What are the first words that come to mind when you think of your monthly period? For most women, those words would be uncomfortable, painful, and annoying (or even hot compress and chocolate ice cream!). But what if your menstrual cycle could reveal more about your physical health than just those unpleasant premenstrual syndrome (PMS) symptoms?
As a naturopathic doctor, I like to refer to your monthly period as your fifth vital sign as a woman. Aside from the basics like body temperature, blood pressure, and pulse and respiration rate, your period — or really, the colour of your period — can help determine your overall health. The key is to learn what to look for and understand what your body is telling you.
Here’s a crash course to decode what the colour of your period is telling you about your health.
What Does a Healthy Period Look Like?
A ‘healthy’ period looks different for every woman. The average menstrual cycle is 28 days long, but it can range from 21 days to 35 days. Menstrual flow (bleeding) should last three to seven days. Your flow should be fairly light, not too light — in other words, if you’re not bleeding for at least three days during your period, you may want to check in with your doctor.
Too light of a period may signal an underlying hormonal imbalance. However, an oral birth control pill, hormonal IUD, or other hormonal-based medication can either stop or dramatically lighten your period. So, if you’ve been on birth control or an alternative hormonal regimen for over a year, you can anticipate a lighter period or not having to use a tampon since your flow is so light.
You should change your tampon (or pad or DivaCup, whatever works for you!), every four to eight hours with a healthy period. Your feminine product does not have to reach maximum absorbency at this time. In fact, you may want to speak with your doctor if you’ve been having consistent overflow bleeding month to month or have needed to change your tampon really, really often due to leaks.
Other indicators of a healthy period are the type of discharge you’re having throughout your cycle. Most women have a discharge that is egg white and kind of sticky around day 14 to 18 — have you noticed this discharge happening for you? Or are you having other types of discharge throughout your cycle? Remember that discharge can be a normal — and healthy — part of your period, too.
What Colour is Normal Period Blood?
Normal period blood can be several shades of red. What most consider ‘normal’ is bright red to dark red blood for about three to seven days. Dark period blood is normal at the start and end of your period, since this blood might have taken longer to travel through your cervix and vagina. Bright red blood is common during the heaviest days of your cycle, which may begin on day two.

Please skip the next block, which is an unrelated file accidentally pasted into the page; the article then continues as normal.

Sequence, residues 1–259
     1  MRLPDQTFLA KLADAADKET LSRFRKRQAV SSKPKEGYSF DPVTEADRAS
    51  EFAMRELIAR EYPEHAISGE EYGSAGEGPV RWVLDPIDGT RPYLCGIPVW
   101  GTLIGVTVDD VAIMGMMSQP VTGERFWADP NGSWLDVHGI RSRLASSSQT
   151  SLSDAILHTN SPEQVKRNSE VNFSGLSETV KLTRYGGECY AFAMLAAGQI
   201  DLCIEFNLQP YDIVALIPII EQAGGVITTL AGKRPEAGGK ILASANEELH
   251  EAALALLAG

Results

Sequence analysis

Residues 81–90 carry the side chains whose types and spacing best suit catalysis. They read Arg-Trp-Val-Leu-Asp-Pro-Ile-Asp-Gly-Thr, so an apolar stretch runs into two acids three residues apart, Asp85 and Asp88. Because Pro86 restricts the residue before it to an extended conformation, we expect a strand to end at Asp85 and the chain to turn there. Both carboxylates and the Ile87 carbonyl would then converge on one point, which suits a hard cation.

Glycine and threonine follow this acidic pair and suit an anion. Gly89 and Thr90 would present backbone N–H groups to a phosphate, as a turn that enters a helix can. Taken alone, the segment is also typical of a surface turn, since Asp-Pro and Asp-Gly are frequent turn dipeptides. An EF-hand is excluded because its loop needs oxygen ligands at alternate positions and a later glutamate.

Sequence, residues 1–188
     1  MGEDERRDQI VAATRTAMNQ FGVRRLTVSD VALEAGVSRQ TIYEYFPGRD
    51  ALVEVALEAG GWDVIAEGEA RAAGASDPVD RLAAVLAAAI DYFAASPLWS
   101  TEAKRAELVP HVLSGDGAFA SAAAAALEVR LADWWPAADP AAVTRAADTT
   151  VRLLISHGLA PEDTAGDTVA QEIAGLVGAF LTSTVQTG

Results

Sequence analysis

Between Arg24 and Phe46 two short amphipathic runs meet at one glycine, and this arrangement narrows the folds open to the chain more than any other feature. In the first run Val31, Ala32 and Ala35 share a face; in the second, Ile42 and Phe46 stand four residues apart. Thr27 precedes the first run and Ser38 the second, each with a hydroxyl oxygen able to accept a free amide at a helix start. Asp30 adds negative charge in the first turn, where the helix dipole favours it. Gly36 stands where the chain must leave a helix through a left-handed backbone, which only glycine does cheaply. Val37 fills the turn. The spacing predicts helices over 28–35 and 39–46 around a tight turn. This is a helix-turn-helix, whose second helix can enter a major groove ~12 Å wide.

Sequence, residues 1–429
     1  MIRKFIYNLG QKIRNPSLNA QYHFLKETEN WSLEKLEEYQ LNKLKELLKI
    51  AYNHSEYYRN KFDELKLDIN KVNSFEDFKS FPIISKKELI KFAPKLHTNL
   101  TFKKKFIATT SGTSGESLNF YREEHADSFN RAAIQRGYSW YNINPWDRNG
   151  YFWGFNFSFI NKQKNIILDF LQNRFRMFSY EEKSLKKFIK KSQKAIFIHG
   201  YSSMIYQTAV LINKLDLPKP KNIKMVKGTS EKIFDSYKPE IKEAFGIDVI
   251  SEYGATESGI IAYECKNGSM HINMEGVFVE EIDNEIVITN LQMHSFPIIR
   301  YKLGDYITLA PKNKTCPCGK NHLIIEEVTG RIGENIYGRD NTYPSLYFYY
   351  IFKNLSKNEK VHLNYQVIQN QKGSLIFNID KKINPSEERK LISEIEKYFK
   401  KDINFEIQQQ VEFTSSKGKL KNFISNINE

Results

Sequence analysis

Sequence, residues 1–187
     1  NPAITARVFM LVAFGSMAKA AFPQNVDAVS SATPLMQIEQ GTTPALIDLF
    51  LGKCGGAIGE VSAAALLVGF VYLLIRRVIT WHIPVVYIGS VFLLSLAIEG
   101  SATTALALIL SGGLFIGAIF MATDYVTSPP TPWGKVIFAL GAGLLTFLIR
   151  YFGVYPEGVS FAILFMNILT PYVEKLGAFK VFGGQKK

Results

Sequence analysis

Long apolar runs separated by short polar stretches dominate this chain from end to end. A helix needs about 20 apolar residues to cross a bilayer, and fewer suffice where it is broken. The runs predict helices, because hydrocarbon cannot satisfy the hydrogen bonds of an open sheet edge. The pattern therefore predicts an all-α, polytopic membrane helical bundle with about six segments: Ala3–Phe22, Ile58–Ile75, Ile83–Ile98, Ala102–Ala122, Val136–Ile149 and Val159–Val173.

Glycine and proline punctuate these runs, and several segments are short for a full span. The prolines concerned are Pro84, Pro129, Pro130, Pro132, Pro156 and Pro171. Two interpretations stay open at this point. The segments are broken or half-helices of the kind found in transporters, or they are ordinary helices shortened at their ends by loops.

If you notice brown blood at the start or end of your period, it’s likely because the blood is older and the uterine lining darkens the longer it takes to leave your uterus. However, consistently brown or even black period blood does warrant further investigation by your doctor. A lack of the hormone progesterone may not be lining the uterus appropriately, causing darker shades of period blood.
Likewise, inadequate progesterone production can lead to super heavy bleeding or really light bleeding. Uncovering those hormonal imbalances via the colour of your period blood can give us a lot of information in terms of which hormones we think might be out of balance and which hormones we need to test and investigate to help you reach optimal health.
So, are there any colours of period blood that are not normal? Yes! Grayish discharge throughout your cycle could be a sign of an infection, and heavy bleeding with pieces of grayish tissue could indicate a potential miscarriage. If there are any hints of gray in your period blood, visit a doctor as soon as possible to learn what your body is trying to tell you.
When Should I Worry About the Colour or Consistency of My Period?
With cycles that can last for up to 35 days, there will be times when you question the colour or consistency of your period. One thing to look for is spotting or light bleeding throughout your cycle. If you’re spotting around days 14 to 18, or need to wear a pad or tampon, that can be due to underlying hormonal imbalances and certainly warrants talking to your healthcare provider.
You should also keep watch for watery, pink discharge that occurs irregularly or without a pattern in regards to your cycle. Unlike normal spotting, this discharge will have a very thin consistency. This type of vaginal discharge may be a sign of cervical cancer that should be examined by your healthcare providers as soon as possible — as should frequent white discharge. Speak with your doctor if you’re noticing any kind of itchiness as well, as it may be a sign of a chronic yeast infection.
Lastly, if you’re noticing a lot of big clots in your period, that can be a red flag and definitely warrants further investigation. It’s normal for clots to form, as our body does forms clots when we shed blood. Clots are supposed to be around dime size; however, if they’re getting to quarter size or anything bigger, it warrants looking into further reasons into why that might be happening.
What does the colour of your period reveal?
Monitoring your monthly period can uncover hidden hormonal imbalances that impact your overall health. Learn how a naturopathic doctor with a focus on women’s hormones can help.